An excerpt from Dream with Me: Race, Love, and the Struggle We Must Win
A trailblazer in the Civil Rights Movement, John M. Perkins remains a leading voice at the forefront of racial reconciliation. In his newest release, Dream with Me (Baker Books, 2017), Perkins uses raw, personal stories spanning from the civil rights era to today to call us to work for justice by living out God’s redemptive love in all of our relationships. Many victories have already been won, but a continued and renewed commitment to justice is imperative.
In an excerpt of the acclaimed publication recently published by Christianity Today, Perkins writes:
“When our poor white guests arrived at the Samaritan Inn, I was caught off guard… My automatic response was to treat them the way whites had treated poor blacks—to patronize them. But these people were teaching me, John Perkins, the guy who was supposed to be leading the church in reconciliation, a lesson in what it really means to be reconciled to one another…
Just because some whites use heinous, callous, and abusive language to describe black people does not mean that we, as black people, are justified in responding with racial insults of our own. I can understand how it comes about. We as a people have been beaten down so much that calling poor whites a hurtful name is almost a cry for dignity. I get it.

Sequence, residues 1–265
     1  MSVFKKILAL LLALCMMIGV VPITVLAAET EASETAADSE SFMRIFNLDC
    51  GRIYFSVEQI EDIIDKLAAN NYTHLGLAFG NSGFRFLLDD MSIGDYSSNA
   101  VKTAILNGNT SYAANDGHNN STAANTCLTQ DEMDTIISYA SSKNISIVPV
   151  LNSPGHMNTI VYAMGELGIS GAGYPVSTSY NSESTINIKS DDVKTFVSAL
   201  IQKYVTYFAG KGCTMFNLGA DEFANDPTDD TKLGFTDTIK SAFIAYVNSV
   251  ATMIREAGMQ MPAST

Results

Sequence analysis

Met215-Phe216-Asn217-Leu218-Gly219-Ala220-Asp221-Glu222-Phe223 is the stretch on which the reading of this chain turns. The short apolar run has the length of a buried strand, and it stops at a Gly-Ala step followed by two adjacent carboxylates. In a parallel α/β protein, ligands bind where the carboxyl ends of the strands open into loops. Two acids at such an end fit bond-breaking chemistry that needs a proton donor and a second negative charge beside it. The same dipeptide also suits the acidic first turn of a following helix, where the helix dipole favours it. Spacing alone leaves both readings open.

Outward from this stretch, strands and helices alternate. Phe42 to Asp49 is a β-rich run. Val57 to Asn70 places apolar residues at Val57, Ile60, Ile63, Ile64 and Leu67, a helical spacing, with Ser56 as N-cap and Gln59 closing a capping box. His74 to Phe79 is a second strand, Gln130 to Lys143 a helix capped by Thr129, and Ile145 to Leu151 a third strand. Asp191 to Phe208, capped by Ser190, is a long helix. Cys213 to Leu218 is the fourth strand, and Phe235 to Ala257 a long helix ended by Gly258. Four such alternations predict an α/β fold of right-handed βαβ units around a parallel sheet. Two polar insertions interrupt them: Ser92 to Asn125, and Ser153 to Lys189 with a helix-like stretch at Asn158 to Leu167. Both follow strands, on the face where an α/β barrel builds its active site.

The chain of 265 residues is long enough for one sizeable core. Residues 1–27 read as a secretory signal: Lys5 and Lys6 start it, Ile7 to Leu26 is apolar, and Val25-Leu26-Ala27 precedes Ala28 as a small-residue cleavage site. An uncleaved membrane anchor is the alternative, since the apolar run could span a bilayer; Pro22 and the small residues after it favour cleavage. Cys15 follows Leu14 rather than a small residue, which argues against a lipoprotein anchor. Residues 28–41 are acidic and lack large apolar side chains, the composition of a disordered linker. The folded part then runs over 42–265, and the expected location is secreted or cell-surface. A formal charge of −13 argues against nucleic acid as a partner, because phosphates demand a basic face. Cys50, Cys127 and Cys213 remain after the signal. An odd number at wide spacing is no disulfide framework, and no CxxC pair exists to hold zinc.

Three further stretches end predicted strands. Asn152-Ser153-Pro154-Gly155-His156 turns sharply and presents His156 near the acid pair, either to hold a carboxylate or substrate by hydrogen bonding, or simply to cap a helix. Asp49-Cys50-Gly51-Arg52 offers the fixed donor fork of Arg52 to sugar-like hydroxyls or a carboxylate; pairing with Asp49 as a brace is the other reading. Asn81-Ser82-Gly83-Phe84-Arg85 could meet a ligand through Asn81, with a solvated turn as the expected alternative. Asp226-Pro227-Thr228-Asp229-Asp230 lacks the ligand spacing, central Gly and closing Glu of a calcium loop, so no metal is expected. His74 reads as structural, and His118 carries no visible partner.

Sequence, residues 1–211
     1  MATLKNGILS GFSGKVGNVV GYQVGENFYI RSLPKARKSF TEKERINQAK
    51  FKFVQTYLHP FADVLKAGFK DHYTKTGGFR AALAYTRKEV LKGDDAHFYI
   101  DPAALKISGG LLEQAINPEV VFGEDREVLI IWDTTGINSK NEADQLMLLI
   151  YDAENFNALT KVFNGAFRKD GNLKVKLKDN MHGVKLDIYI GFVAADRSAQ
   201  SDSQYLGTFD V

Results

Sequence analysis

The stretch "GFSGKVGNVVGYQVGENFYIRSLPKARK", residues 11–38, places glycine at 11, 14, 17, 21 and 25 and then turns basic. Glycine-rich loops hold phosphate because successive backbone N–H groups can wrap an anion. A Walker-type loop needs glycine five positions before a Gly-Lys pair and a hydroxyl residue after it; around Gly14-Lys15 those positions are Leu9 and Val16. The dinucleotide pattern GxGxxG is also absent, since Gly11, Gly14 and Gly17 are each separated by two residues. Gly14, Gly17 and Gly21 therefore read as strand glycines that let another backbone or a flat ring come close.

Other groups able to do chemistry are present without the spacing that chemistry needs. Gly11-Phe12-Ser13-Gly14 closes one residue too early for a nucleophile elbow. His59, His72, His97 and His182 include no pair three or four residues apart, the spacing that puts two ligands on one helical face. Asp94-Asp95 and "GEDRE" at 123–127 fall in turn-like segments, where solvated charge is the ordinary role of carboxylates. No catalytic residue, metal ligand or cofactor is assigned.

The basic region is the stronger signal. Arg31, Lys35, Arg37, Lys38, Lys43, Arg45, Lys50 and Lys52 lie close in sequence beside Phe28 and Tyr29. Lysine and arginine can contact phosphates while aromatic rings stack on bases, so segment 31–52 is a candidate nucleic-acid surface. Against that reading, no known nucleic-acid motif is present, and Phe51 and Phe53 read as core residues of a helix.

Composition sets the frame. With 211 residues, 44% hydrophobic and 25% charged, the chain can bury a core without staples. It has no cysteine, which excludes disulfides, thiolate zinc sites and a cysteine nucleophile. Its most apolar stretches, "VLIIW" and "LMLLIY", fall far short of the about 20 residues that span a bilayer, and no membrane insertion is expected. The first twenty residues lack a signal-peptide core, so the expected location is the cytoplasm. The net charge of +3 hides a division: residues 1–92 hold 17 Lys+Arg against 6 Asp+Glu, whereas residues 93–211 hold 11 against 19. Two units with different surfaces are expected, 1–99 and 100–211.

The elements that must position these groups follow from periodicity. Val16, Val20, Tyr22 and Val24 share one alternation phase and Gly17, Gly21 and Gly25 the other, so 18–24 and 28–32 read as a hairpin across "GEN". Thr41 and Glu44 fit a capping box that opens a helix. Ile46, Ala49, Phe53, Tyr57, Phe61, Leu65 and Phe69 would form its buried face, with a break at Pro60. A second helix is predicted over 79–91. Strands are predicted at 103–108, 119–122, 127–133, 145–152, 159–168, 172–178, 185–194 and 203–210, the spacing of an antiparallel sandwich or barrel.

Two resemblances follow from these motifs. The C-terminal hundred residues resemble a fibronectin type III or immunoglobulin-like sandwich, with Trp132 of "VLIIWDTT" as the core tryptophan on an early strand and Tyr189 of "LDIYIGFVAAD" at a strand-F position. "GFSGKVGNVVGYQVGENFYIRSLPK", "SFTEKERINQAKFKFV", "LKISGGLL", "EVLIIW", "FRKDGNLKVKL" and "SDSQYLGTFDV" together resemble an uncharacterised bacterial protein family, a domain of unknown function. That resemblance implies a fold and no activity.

But it is a backward cry. In a way, it’s an attempt to make poor whites feel the way we did when whites would fling racial slurs our way. But for us to do the same thing to poor whites that wealthy whites were doing to us only throws everyone into the same mud heap. A better way is possible. We all must have the compassion, wisdom, and mutual respect to rise above slander, slurs, and snubs to a place of love. What we ought to be striving for today is a new language of love and affirmation that will replace these hurtful slights. What if we started calling one another “friend,” no matter our race, politics, or economic class? Friends, I like that.”
John M. Perkins was a civil rights leader in Mississippi in the 1960s, and founded Voice of Calvary Ministries, a Christian community development ministry, with his wife Vera Mae. In 1983, Perkins established the John M. Perkins Foundation for Reconciliation & Development, Inc., to advance the principles of Christian community development and racial reconciliation throughout the world. His publications include Let Justice Roll Down (2012) and Welcoming Justice: God’s Movement Toward Beloved Community (2010).